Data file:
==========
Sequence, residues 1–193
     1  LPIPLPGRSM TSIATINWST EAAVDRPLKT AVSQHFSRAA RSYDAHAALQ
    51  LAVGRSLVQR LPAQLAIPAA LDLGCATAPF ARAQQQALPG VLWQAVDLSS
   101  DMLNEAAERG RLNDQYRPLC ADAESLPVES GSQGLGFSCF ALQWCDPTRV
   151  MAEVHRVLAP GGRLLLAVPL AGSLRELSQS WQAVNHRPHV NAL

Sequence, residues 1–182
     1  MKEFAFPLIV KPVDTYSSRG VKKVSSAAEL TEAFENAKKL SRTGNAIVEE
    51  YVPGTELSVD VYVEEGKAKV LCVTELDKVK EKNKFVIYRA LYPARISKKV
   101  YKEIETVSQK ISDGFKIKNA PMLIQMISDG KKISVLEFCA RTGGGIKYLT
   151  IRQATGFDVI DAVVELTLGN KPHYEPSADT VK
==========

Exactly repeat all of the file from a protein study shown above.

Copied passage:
Sequence, residues 1–193
     1  LPIPLPGRSM TSIATINWST EAAVDRPLKT AVSQHFSRAA RSYDAHAALQ
    51  LAVGRSLVQR LPAQLAIPAA LDLGCATAPF ARAQQQALPG VLWQAVDLSS
   101  DMLNEAAERG RLNDQYRPLC ADAESLPVES GSQGLGFSCF ALQWCDPTRV
   151  MAEVHRVLAP GGRLLLAVPL AGSLRELSQS WQAVNHRPHV NAL

Sequence, residues 1–182
     1  MKEFAFPLIV KPVDTYSSRG VKKVSSAAEL TEAFENAKKL SRTGNAIVEE
    51  YVPGTELSVD VYVEEGKAKV LCVTELDKVK EKNKFVIYRA LYPARISKKV
   101  YKEIETVSQK ISDGFKIKNA PMLIQMISDG KKISVLEFCA RTGGGIKYLT
   151  IRQATGFDVI DAVVELTLGN KPHYEPSADT VK